Three-Year Grant Funded at $586K
Drought, a naturally recurring hazard, has adverse effects that can reach beyond causing water shortage and damaging agriculture.
According to Yuxuan Wang, assistant professor of atmospheric chemistry in the Department of Earth and Atmospheric Sciences at the University of Houston, “air quality typically gets worse during drought periods, which cause damages to public health, but the scientific community does not yet have the ability to accurately predict how drought would change sources and sinks of air pollutants.”
Wang recently received a three-year grant of $586,102 from NASA to study an important aspect of drought’s influence on air quality: vegetative emissions. Vegetation, particularly broadleaf trees, emits biogenic volatile organic compounds, or BVOCs, which are known precursors to ozone and particulate matter, two criteria air pollutants that are regulated worldwide.
While people have long known that BVOCs are important, Wang says the impact of drought on emissions from vegetation has only recently begun to be recognized, with new algorithms developed to attempt to account for that. The parameters in the algorithms, however, require measurement data collected over the life cycle of droughts for testing, verification, and refinement. Such field data is scarce even in rich countries like the United States.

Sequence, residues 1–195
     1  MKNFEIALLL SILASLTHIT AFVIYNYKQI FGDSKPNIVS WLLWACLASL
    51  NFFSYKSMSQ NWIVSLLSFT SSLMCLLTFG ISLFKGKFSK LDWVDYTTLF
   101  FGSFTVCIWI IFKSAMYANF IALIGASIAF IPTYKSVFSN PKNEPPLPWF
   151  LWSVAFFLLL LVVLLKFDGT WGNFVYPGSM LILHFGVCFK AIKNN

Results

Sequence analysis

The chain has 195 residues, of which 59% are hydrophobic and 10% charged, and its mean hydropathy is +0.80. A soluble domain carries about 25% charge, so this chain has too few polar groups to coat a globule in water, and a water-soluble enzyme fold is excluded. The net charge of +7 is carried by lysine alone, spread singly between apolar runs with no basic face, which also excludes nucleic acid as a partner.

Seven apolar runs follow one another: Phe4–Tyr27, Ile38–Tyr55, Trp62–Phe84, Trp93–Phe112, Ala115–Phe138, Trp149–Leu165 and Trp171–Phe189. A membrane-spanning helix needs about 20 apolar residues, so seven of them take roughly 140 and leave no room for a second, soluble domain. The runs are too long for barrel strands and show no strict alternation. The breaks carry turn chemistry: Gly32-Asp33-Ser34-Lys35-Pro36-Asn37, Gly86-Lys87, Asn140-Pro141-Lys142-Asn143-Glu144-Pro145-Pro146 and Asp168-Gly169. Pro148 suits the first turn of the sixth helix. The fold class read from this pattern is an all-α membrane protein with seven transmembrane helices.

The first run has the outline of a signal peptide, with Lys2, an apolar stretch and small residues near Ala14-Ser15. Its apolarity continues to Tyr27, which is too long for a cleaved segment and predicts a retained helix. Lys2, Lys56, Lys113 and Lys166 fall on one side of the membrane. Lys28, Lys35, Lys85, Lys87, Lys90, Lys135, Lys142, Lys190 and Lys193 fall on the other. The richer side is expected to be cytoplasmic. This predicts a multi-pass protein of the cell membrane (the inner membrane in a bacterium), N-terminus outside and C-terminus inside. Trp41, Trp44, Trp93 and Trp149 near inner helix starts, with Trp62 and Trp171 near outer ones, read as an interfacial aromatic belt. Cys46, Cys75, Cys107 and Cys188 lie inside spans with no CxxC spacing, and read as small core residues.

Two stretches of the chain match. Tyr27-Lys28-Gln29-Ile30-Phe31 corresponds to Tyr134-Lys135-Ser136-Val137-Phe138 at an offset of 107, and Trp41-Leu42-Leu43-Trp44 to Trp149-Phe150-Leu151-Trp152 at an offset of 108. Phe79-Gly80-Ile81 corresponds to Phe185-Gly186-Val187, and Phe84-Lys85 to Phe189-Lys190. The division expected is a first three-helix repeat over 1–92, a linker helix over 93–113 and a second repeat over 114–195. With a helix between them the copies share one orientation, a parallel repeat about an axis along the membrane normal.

Recognizing the problem, Wang and her colleagues decided to turn to remote-sensing data collected by satellites.
Satellite data have large spatial and temporal coverage and do not miss large-scale droughts. The challenge is to correctly interpret remote-sensing signals picked up by satellites and tease out the response of BVOCs emissions to droughts when they start, intensify, and dissipate.
With the NASA funding, Wang’s project will tackle this challenge through integrated use of state-of-the-art models that simulate atmospheric chemistry and transport, mathematical methods called inversion, and other datasets such as surface observations and aircraft data.
The outcome of the project will be an improved scientific understanding and better-constrained algorithms that quantify the response of vegetative BVOC emissions to droughts. Such algorithms will be useful to improve air quality forecasts during drought and to predict atmosphere-biosphere interactions under a warmer climate with droughts likely to become more frequent and intensive.
Other investigators involved with the project include Alex Guenther and Saewung Kim at the University of California, Irvine.